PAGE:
I mentioned earlier that I would be sharing some of my Gram’s personal writings, which I stumbled upon after her death in 1996. The dysfunction in my family goes way back. My Great Grandmother Martha “Dee Dee” Titmus found herself alone raising six girls after the sudden death of her husband during the Great Depression. To say that she did not have the time or maternal tools to give them what they needed would be a huge understatement…
“A tiny beautiful baby boy entered my life. Wondering, hopeful, trusting, innocent, and I didn’t know what to do. How totally he gripped my heart and I didn’t know how to show it. Why was I always so afraid? A perfect little soul to guide and help grow and I didn’t know what to do. I had something to say. Why was I afraid to say it? Babies don’t just grow into happy, well adjusted adults. Each moment, each day, leads them to a life that can be lived to its fullest, or one of fear and insecurity. I did not know how to guide my trusting, loving son. To be so blessed and lose, I did not deserve to have him for even the short time God let him be with us.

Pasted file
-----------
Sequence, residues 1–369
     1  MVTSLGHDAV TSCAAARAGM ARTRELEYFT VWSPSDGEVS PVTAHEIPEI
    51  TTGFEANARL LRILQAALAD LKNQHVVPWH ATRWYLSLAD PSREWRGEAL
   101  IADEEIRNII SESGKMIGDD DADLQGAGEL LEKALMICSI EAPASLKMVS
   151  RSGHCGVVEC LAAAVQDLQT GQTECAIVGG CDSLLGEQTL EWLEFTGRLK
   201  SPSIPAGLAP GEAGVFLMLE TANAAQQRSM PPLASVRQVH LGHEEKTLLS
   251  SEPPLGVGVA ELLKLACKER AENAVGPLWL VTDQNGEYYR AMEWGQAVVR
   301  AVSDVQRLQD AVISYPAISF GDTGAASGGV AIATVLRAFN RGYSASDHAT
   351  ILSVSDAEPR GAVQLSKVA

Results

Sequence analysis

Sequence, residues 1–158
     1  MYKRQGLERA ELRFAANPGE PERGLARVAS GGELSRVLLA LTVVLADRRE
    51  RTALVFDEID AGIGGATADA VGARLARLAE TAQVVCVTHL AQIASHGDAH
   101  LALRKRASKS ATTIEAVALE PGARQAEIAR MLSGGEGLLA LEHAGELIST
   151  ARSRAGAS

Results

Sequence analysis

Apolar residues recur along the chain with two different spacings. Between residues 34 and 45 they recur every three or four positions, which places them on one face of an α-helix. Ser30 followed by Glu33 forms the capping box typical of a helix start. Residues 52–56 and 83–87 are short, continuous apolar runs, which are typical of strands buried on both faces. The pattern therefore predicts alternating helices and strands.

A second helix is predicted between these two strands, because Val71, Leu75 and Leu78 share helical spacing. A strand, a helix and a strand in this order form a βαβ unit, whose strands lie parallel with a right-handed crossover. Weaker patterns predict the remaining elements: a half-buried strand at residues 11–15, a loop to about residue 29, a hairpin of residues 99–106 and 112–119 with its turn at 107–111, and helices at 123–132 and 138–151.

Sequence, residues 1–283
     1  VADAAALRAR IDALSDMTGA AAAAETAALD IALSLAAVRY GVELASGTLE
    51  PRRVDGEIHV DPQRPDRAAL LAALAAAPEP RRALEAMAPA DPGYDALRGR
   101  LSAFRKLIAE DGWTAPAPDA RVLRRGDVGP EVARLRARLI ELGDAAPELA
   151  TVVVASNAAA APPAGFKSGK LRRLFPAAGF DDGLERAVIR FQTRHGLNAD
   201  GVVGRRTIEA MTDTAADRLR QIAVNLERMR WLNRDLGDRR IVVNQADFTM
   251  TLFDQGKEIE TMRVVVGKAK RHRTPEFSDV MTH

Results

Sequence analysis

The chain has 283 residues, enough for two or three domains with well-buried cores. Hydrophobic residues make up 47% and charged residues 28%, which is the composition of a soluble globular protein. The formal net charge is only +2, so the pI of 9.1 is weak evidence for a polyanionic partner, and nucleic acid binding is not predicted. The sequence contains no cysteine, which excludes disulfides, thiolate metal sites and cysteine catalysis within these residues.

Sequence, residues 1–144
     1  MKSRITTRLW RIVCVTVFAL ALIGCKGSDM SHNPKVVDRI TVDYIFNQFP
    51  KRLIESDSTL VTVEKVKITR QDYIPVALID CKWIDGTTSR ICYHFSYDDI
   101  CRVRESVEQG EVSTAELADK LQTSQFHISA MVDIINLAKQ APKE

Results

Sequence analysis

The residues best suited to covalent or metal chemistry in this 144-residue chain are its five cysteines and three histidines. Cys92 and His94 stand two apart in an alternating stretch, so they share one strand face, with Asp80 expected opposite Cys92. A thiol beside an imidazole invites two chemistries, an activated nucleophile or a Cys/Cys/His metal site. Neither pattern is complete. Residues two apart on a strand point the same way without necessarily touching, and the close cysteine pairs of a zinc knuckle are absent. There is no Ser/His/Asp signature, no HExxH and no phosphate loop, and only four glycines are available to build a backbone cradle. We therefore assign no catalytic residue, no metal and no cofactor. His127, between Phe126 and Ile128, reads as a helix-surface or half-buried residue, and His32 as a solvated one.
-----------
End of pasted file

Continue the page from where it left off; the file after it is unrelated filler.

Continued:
God, can I thank you for leaving my girl with me? I do not deserve her either. My beautiful, sharp baby girl! She knew that I didn’t know how to give her the right answers. She knew even before she could talk. I still see her eyes…knowing I did not know.”
There is so much more to this story, the story of how my Gram was somehow – and thankfully so – able to give to me what she was unable to give to her own children. If you haven’t read any earlier posts, I spent the first eight years of my life with Gram and, in my mind, they were blissful. She played a pivotal role in shaping my life…I am so thankful for her, yet sad that she carried so much heaviness in her heart.
It is because of our bond in life that I still feel so spiritually connected to her now. I believe she is an angel watching over me always and when I see a lone yellow butterfly flutter by, I say hello.